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  Chinese Gamers Offer Blood Sacrifice For ‘Cabal’ Access  
 
 
Posted 2007-03-22 by Tony Walsh
 
 
     
 
According to Weird Asia News (and corroborated by Gamasutra.com), Chinese game operator Moliyo demanded blood from 120,000 Cabal players it recently banned for hacking. A blood drive was reportedly held in Nanjing on March 18, where banned hackers and new players alike could gain access to Cabal by opening their veins. Over 100 "distraught" gamers were ready to give up 500ml of their precious fluid.

Weird Asia News reports that "Chinese hospitals have had increasing difficulty attracting blood donors in recent years after scandals in which thousands of donors and blood recipients contracted HIV, the virus which causes AIDS. Blood donors in China are usually paid about 12 dollars per donation." Sounds like Moliyo set up a win/win situation locally. I'm not sure something like that would fly in North America.
 
     
 
   
 
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  ‘Second Life Relay for Life’ Raises 2.2M Linden Dollars in 3 Weeks  
 
 
Posted 2007-03-03 by Tony Walsh
 
 
     
 
"Second Life Relay For Life" (SLRFL), an annual event supporting the American Cancer Society's Relay For Life campaign, has raised over $2.2M Linden Dollars in the virtual world Second Life over the past three weeks. That's roughly $7,700 USD in virtual currency which will be cashed out to fight cancer. Teams of charitable avatars are busy raising funds--even accused griefer group W-Hat. Nice to see that even the most notorious scallywags have joined this noble effort.

Several fund-raising events are scheduled today. One of the largest SLRFL teams, known as Spirit Chasers, is holding a date auction tonight at 7pm Pacific Time on Raziel Vesperia island [direct teleport]. Launched in 2005, Second Life Relay For Life raised over $40k USD last year, attracting over 1,000 participants in its 24-hour walkathon.
 
     
 
   
 
  8 comments  
  Casting Doubt on Video Game Violence Studies  
 
 
Posted 2007-02-20 by Tony Walsh
 
 
     
 
GamePolitics.com reports on a meta-research paper that casts doubt on links between violent game play and violent behaviour. The paper, entitled "Evidence for publication bias in video game violence effects literature: A meta-analytic review," may be downloaded from this page (temporarily, at least), and has been accepted for publication in an upcoming edition of the Aggression and Violent Behavior journal.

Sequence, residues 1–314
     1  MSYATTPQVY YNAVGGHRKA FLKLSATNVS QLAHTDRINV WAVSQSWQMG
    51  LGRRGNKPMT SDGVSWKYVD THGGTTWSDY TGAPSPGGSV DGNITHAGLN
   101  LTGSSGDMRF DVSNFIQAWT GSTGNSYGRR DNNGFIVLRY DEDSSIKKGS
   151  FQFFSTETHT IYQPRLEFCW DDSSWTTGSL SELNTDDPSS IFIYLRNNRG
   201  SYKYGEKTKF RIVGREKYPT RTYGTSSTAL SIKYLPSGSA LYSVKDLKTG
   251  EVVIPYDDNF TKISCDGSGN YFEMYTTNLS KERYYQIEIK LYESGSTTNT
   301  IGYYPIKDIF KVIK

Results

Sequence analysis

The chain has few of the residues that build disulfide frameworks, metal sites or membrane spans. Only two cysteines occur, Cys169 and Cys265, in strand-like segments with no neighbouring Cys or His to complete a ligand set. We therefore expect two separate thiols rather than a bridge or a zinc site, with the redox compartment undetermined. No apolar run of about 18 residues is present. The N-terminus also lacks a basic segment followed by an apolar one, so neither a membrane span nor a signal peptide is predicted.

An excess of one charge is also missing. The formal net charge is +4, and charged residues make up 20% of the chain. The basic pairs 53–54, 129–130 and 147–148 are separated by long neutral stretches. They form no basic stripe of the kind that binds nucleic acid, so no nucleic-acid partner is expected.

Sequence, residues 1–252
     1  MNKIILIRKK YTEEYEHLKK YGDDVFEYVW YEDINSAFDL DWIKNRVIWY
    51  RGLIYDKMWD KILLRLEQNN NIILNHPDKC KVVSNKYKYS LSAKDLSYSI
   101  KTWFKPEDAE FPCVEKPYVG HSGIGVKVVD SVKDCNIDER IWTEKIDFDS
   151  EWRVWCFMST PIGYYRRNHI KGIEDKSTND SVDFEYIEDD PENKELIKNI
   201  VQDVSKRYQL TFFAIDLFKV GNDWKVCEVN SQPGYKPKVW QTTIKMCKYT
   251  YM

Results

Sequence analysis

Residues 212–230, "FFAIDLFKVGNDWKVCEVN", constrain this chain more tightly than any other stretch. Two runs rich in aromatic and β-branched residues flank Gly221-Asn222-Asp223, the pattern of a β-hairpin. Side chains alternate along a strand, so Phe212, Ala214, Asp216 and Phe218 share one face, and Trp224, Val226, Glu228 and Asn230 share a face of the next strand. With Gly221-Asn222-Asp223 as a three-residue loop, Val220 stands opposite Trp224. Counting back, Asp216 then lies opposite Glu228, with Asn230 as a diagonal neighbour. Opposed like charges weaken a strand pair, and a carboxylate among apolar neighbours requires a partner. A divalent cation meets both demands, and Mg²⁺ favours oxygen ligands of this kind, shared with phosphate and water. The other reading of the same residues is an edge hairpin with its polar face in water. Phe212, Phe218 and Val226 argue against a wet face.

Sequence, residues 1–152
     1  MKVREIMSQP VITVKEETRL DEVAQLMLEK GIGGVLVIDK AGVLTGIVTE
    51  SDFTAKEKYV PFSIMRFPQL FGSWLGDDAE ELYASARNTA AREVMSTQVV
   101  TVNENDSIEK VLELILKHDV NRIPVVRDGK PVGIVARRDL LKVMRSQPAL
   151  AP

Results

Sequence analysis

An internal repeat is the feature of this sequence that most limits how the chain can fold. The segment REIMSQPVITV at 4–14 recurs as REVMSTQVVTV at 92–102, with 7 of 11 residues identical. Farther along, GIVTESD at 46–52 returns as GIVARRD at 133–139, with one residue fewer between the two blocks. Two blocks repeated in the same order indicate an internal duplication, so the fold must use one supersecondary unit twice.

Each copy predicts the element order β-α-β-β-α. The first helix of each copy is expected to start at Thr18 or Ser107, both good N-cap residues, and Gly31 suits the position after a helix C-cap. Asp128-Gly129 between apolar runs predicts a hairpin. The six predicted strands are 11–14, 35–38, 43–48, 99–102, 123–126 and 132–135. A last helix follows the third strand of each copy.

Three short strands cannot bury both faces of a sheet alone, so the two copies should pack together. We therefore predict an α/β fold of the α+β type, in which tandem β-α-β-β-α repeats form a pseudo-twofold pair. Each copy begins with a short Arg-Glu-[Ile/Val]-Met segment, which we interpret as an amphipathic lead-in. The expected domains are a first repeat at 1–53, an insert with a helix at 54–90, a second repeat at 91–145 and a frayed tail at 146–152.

Author Christopher J. Ferguson told GamePolitics.com that his study found that overall, violent games do appear to increase aggressive thoughts, "but do not appear to increase aggressive behavior." The study also found that "better measures of aggression are associated with lower effects," and that studies which indicate a link between violent games and violent behaviour are more likely to get published than studies which do not indicate such a link.

Continue reading: Casting Doubt on Video Game Violence Studies
 
     
 
   
 
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  Easy Solution to ‘HIV Challenge’  
 
 
Posted 2007-01-30 by Tony Walsh
 
 
     
 
The Kaiser Family Foundation and the ironically-named mtvU challenge game developers to come up with "a new, creative idea for a video game aimed at reducing the spread of HIV/AIDS among young people in the United States." Frankly, a video game solution to the HIV Challenge is all too easy: If we are playing video games, we are not having sex. The more we play video games, the less sex we have. Abstention is extremely effective in reducing the spread of HIV/AIDS.

I hereby proclaim World of Warcraft, with 8 million sexually-inactive subscribers worldwide, the winner of the HIV Challenge!
 
     
 
   
 
  1 comments  
  Does Violent Media Cause Violence, Or Doesn’t It?  
 
 
Posted 2007-01-17 by Tony Walsh
 
 
     
 
A coalition of Canadian parents and educators from the public and Catholic school systems issued a press release today entitled "Media Violence - Not a Pretty Picture," wherein it is suggested that kids and teens are influenced negatively by "violent music videos, video games, music lyrics, the Internet, and television programs..." Now, I happen to believe that some kids and teens are negatively influenced by some forms of violent media under certain conditions. I believe that in some cases, it's possible that exposure to violent media can cause violence. This being said, I'm thoroughly confused by this unnamed coalition's stance on the issue.

According to the coalition, the Internet itself is a destructive influence. That pretty much blows the group's credibility in my view, but unfortunately for you, I'm not done analyzing the press release yet. The group also identifies "music lyrics" as a destructive influence. I'd love to know why "poetry" in general wasn't listed. I suppose as soon as you put poetry to music it becomes a deadly weapon.

Continue reading: Does Violent Media Cause Violence, Or Doesn’t It?
 
     
 
   
 
  3 comments  
  PSA:  Support World Vision in ‘Second Life’  
 
 
Posted 2006-12-19 by Tony Walsh
 
 
     
 
World Vision's marketing manager asked me to give the organization's Second Life campaign a plug, and I feel obligated to issue a public service announcement. Hard to say no to well-intentioned charities, even for a bitter scorpion like myself. So, without further comment, criticism, or analysis (aren't you lucky), here's the deal:

The World Vision charity has set up a Second Life version of its Alternative Gift Catalogue web site, where visitors "can experience a virtual developing community environment, whilst seeing and interacting with some of the alternative gifts which this year support 53 of World Vision’s community projects around the world." Clicking on in-world items produces further information about the items, and launches the charity's Alternative Gift web site where over 90 gifts can be browsed or purchased.